It was one of those rare moments when we as a committee finally got to study a bill, and we did a thorough job in investigating Bill C-206. We had six meetings and heard from 29 witnesses, and eight briefs were submitted. These witnesses included quite a variety of people from across the spectrum. We got to hear from several federal departments, the David Suzuki Foundation, the Canadian Canola Growers Association, the National Farmers Union, Farmers for Climate Solutions and the Grain Growers of Canada, just to name a few.
I have heard a lot of the debate about the intention of the carbon price. It is meant to establish a price signal to encourage people to change their ways to a less expensive and more environmentally friendly method. The focus of today's debate is the subject of grain drying, because that is where propane and natural gas are used quite frequently.
I mentioned this in my second reading speech, but it was confirmed time and time again: If the intention of the carbon price is to change behaviour, we need a viable alternative that we can change our behaviour to. I only recently made a switch to a zero-emission vehicle, and I know that many people in my riding of Cowichan—Malahat—Langford are doing the same. They made the switch because there is a price signal. It is a lot cheaper to operate a zero-emission vehicle, an electric car, than it is to operate a gasoline-powered one. However, they also made the switch because there were viable alternatives. We have so many options to choose from in the zero-emission vehicle market right now that it is quite easy, especially with government rebates, to find something that is practical for day-to-day use.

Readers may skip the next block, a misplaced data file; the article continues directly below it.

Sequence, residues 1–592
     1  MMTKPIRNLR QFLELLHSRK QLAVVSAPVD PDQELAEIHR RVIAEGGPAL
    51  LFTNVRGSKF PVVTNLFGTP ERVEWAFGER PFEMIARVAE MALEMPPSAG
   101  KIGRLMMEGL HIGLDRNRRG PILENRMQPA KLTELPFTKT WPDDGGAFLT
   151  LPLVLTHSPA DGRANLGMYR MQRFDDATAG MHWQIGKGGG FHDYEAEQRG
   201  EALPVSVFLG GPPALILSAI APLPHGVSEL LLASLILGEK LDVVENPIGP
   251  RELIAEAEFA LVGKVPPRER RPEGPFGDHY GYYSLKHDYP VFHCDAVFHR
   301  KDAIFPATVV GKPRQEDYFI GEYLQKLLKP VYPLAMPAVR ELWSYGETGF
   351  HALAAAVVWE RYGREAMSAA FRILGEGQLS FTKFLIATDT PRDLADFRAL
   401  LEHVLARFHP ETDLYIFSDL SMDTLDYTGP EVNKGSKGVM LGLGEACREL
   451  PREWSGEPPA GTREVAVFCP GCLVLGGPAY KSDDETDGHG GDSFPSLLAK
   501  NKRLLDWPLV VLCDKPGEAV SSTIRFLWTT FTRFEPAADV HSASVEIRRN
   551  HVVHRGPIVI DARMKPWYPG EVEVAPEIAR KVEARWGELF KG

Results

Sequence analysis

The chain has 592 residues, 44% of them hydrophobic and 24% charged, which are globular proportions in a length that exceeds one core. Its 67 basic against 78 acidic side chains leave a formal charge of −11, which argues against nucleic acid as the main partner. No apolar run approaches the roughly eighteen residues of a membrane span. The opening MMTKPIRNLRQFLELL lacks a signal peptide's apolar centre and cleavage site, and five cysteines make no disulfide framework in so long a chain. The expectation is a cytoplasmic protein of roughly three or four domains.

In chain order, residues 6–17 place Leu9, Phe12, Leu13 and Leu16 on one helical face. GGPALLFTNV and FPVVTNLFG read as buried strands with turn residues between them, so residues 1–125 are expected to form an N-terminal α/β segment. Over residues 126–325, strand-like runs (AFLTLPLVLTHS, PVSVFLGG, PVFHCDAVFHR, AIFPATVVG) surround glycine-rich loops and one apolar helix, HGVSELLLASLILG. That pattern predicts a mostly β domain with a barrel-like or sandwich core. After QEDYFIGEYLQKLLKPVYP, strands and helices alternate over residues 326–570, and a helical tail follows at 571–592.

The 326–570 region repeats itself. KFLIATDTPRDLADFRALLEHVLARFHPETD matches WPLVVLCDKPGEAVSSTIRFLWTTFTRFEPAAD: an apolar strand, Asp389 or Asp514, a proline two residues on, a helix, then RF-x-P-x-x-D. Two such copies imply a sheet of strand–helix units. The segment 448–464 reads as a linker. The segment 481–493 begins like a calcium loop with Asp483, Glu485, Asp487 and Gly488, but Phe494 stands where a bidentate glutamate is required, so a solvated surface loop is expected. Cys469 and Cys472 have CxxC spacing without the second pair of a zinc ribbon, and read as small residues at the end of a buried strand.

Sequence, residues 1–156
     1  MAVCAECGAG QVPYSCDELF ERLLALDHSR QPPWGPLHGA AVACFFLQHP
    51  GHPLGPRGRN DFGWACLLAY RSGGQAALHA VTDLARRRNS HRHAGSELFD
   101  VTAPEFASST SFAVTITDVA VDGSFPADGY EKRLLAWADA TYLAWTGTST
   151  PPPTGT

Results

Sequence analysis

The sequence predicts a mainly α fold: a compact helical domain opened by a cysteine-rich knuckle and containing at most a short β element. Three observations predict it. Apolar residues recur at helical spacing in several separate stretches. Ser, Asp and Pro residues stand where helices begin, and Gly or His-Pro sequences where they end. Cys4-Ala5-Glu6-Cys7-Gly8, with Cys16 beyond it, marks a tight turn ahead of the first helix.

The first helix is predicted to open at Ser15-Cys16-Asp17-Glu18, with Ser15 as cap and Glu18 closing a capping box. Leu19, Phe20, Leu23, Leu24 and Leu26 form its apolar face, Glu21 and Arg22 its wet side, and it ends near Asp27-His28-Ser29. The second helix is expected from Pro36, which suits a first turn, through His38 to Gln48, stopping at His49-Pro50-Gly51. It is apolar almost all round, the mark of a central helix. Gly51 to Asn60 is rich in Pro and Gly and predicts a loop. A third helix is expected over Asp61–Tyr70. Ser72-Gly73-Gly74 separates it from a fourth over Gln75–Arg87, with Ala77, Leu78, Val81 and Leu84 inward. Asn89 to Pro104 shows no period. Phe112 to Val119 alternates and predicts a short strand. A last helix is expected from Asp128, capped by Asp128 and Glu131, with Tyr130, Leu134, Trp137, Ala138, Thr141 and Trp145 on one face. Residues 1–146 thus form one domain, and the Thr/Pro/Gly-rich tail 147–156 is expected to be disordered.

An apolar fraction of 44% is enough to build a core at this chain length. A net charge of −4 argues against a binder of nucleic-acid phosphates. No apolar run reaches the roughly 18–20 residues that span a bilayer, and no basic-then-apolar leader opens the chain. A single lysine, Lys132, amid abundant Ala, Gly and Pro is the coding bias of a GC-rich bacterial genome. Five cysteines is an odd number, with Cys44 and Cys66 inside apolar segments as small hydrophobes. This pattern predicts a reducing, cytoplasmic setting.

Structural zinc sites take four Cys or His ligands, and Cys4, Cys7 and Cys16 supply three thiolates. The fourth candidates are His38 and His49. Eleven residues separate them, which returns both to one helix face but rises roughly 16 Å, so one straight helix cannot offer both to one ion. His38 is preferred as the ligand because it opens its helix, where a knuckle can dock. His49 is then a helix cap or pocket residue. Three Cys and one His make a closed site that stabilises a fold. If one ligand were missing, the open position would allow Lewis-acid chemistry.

When it comes to grain drying and alternative technologies, farmers do not have that option. We did hear that there are some emerging technologies with respect to electric heat pumps and possibility the use of biomass from crop residue. However, we also heard that those technologies are still many years away from being commercially viable and efficient enough to actually replace natural gas and propane. If we have no viable alternative to force farmers into and are simply levying a carbon tax on their activities, the price is not going to do what it is intended to do.
I do respect the fact that the government is offering rebates, which I think were placed in the budget on page 174 in response to Bill C-206. Bill C-206 did have an impact, I guess, in helping to rewrite a part of the budget. However, we did hear from farmers that they would prefer not to have the price in there at all until we have viable technologies.
That brings me to the amendment. I would like to thank members of the committee, because the one and only amendment that was passed to the bill was brought forward by me. I was trying to find a reasonable halfway point between the two sides to this argument by establishing a sunset clause of 10 years, after which the definition in this bill will revert to the original. I felt that 10 years was a long enough time to allow for these emerging technologies to become commercially viable so that hopefully by the year 2031 farmers will have a choice to go to. I think that is incredibly important when we put it in the context of carbon pricing.
I would like to thank my colleagues again, reflecting on what a joyful committee it is to be a member of, for agreeing to the amendment and allowing us to get to a stage where hopefully we will see the bill passed in the House and sent to the other place.
In conclusion, I think we need to remember, as has been detailed by the National Farmers Union, that Canadian farm debt has nearly doubled since the year 2000. It is made up of billions of dollars and, increasingly, farmers are paying more and more money in fertilizer costs, machinery fuels, new technologies, credit services and so on. They are really only left with a very small portion of gross farm revenues. I think the measure contained in Bill C-206 is going to help them out, and it gives us an opportunity to give them some price relief on a very important aspect of their business.
I appreciate the time. I look forward to hearing other speeches on Bill C-206.